Jean Fréhel

Posted by Lindsay Griffin on 11/03/2009
Mt Blanc with Grand Pilier d'Angle on left. Lindsay Griffin

Legendary French alpinist, Jean Fréhel, died recently after a long illness.

Fréhel, also a noted mathematician (a logic specialist), was elected to the prestigious Groupe de Haute Montagne in 1964 and made many notable alpine ascents, at first on rock, but later, after the advent of 'piolet traction' on steep ice and mixed.

In 1965, with Dominique Leprince-Ringuet, he put up the now classic French Pillar on the North East Face of the Crozzon di Brenta (3,135m) in the Western Dolomites. This is an excellent 800m free climb (VI-), on which the two Frenchmen placed only 14 pegs.

In 1967 with Yves Boussard, Jerome Brunet, Patrick Cordier and Claude Deck he forced the now famous French Direttissima on Romsdal's Troll Wall (1,200m: VI+ and A4), a massive line that has still received only a handful of ascents.

In 1972 he travelled to South America, and in the Cordillera Blanca made the first ascent of the North East Ridge of Huascaran Norte (6,654m). Although the major routes on Huascaran are too big and serious ever to become crowded, this 1,700m TD+, with predominantly difficult ice climbing, is objectively safe and has evolved into something of a classic.

In 1974 he visited the recently opened Baltoro Glacier in the Karakoram, and with up-and-coming Himalayan specialist Pierre Béghin, and Dominique Marquis nearly made the first ascent of the spectacular Uli Biaho Tower (6,109m). Attempting the steep North West Pillar, only 30 metres of aid separated them from easy snow slopes and the summit, when they were forced down by a fierce storm. Although Americans climbed the peak in 1979 via the East Pillar at 5.9 and A4, the North West Pillar is yet to be completed.

On Uli Biaho, Fréhel was captivated by the beautiful, neighbouring, 6,610m Paiyu, with its fine granite and fluted ice faces overlooking the Baltoro. The following year he was back, but bad conditions hampered progress until he and Jean Francois Porret were hit by an avalanche while descending from Camp 1. Porret broke a leg badly and needed a difficult evacuation: the expedition was abandoned.

Fréhel returned to South America in 1976 and made the first ascent of the East Face of Ausengate, the dominant peak in the Cordillera Vilcanota. With two companions he climbed and descended the difficult new ice route in alpine-style, making five bivouacs on the face.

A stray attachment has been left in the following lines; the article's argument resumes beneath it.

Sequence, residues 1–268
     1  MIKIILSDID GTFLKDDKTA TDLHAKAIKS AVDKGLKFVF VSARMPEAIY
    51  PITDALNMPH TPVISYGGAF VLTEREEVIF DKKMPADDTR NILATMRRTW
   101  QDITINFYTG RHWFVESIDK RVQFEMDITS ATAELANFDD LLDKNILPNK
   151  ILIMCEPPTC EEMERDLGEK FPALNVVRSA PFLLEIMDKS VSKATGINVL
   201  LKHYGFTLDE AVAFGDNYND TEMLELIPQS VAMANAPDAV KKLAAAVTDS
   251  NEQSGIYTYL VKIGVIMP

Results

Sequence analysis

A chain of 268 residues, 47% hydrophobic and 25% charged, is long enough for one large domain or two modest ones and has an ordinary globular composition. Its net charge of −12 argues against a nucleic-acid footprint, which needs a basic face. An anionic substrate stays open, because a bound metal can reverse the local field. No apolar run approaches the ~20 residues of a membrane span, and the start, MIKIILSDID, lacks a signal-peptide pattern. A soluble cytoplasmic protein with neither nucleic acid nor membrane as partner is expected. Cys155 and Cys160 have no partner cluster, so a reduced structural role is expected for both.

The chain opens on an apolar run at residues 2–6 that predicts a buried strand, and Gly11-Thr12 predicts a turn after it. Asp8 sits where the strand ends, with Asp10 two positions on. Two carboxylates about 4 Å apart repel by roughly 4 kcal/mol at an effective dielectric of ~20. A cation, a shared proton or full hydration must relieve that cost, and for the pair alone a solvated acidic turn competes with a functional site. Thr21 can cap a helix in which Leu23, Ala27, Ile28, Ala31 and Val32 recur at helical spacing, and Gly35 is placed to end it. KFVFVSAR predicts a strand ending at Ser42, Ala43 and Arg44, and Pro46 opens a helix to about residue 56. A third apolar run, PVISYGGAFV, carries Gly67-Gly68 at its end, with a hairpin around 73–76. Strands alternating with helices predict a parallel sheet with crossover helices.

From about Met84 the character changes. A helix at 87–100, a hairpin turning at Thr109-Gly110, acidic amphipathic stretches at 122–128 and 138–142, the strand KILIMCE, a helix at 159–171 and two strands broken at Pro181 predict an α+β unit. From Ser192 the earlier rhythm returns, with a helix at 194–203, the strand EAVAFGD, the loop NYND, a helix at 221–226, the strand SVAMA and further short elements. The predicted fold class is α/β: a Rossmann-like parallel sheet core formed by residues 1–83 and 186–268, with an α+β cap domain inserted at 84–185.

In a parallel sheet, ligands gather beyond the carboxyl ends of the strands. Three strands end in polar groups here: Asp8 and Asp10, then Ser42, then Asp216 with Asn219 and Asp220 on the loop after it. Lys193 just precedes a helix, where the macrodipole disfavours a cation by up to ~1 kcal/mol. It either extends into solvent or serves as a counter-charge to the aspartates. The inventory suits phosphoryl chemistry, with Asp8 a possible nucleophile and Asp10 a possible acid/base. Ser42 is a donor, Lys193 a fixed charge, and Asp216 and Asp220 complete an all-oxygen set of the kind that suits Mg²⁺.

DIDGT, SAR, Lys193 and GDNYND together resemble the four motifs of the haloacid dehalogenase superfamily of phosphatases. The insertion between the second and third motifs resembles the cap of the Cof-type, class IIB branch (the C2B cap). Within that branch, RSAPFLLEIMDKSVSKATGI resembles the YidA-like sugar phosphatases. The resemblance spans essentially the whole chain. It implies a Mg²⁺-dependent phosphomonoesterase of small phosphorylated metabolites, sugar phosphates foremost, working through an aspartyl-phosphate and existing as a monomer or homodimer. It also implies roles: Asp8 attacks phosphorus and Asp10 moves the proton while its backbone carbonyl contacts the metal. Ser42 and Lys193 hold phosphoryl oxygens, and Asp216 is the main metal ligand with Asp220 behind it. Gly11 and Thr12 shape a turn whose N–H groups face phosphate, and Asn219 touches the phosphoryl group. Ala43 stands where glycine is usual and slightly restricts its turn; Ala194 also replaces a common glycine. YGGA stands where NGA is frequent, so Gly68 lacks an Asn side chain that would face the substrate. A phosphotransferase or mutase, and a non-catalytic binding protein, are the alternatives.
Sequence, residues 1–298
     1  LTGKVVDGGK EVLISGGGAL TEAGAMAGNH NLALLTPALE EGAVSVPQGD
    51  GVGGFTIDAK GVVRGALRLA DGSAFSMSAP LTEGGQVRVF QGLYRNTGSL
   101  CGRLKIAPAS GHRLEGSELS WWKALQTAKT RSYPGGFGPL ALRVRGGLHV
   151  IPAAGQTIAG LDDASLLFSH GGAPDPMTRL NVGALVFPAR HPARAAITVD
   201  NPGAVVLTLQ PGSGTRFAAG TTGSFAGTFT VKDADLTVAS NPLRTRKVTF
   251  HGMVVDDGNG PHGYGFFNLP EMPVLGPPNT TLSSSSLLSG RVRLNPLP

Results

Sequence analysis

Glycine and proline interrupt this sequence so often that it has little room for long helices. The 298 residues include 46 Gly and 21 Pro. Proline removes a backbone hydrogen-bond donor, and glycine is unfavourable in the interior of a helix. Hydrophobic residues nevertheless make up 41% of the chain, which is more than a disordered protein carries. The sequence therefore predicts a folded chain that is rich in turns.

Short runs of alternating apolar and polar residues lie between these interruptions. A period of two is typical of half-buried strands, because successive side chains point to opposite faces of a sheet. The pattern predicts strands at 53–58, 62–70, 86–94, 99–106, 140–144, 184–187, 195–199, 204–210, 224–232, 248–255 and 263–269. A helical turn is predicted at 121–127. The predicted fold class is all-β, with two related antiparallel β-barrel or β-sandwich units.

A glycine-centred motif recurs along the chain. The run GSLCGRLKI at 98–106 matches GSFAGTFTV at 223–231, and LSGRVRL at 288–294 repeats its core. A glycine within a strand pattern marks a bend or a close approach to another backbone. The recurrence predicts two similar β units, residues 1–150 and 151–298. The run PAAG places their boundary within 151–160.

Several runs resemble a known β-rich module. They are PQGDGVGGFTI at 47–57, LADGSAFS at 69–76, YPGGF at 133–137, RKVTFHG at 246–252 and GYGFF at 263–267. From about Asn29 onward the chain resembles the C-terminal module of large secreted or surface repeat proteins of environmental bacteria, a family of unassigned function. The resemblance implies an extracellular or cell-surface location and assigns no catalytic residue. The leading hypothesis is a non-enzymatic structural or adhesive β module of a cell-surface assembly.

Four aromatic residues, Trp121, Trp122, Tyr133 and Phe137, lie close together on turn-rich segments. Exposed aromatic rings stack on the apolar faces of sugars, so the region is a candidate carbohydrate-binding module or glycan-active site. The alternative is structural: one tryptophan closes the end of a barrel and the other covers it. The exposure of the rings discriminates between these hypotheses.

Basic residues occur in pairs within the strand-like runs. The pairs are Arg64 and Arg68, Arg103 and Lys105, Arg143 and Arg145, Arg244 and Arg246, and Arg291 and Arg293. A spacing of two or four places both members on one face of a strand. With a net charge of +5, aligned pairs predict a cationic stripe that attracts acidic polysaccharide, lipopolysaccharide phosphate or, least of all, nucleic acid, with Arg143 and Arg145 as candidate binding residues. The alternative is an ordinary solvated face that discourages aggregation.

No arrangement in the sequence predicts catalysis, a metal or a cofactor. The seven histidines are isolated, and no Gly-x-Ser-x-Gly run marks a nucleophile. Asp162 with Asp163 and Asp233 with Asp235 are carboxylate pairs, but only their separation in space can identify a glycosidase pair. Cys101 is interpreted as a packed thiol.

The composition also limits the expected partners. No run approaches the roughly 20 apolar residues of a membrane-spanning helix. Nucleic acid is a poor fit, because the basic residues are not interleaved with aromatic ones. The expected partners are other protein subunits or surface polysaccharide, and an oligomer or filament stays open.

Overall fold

1977 was his one big attempt on the Himalayan giants. In the autumn, he led a small expedition (four other climbers) to attempt the first ascent of 8,163m Manaslu's East Ridge. Unfortunately, he was ill throughout the trip and another member returned home early, leaving Pierre Béghin and Thierry Leroy to reach 7,600m before suffering series frostbite (later requiring amputations) and retreating.

Béghin, who would later become one of France's most accomplished Himalayan climbers, returned to Manaslu in 1981 to complete a bold new route up the West Face. Fréhel, on the other hand, made no major expeditions after this date, though would spend much time during later life re-visiting Nepal.

But his greatest legacy is in the Alps, where in 1973 he joined Guy Dufour for a new route on the North East Face of the Grand Pilier d'Angle, Mont Blanc. At that time the right side had been climbed by the (then) unrepeated 1962 Bonatti-Zappelli, and a striking couloir system towards the left edge in 1971 by Cecchinel and Nominé. The entire central section of the face remained untouched, notably due to a huge serac barrier near the top of the face, apparently seriously threatening the steep mixed terrain below.

Years of observation had convinced Fréhel that this large hanging glacier lay atop right-sloping rock and invariably avalanched into the gully on the right (the Bonatti-Zappelli Route), rather than straight down the mixed buttresses below. He calculated that it was possible to climb the steep buttress immediately below the serac wall without undue risk. He also decided to approach via the lower Brenva Face, crossing its dangerous couloirs quickly to reach a safe haven at the foot of the Pear buttress, from where he could begin the climb. This, he rationalized, was a safer bet than making the long and objectively exposed ascent directly up the lower slope from the Brenva Glacier - an approach discarded by most later climbers who preferred a swift crossing of the glacier and an ascent hugging tightly against the walls of the Grand Pilier d'Angle.

During the very snowy August of 1973, Dufour and Fréhel climbed the mixed buttress below the serac, turning the latter on the left to reach the upper slopes. Their ascent very much bridged the gap between the 'old school' mixed climbing by Bonatti and Desmaison, and the more modern, post-piolet traction ascents. The Dufour-Fréhel (750m: ED1/2: V/4, 5c and A1) is rarely repeated in its original form, but combined with the 1975 Boivin-Vallencant Finish, it has become a huge Mont Blanc classic and gives the most popular and probably the quickest and easiest line on this section of the Grand Pilier d'Angle.


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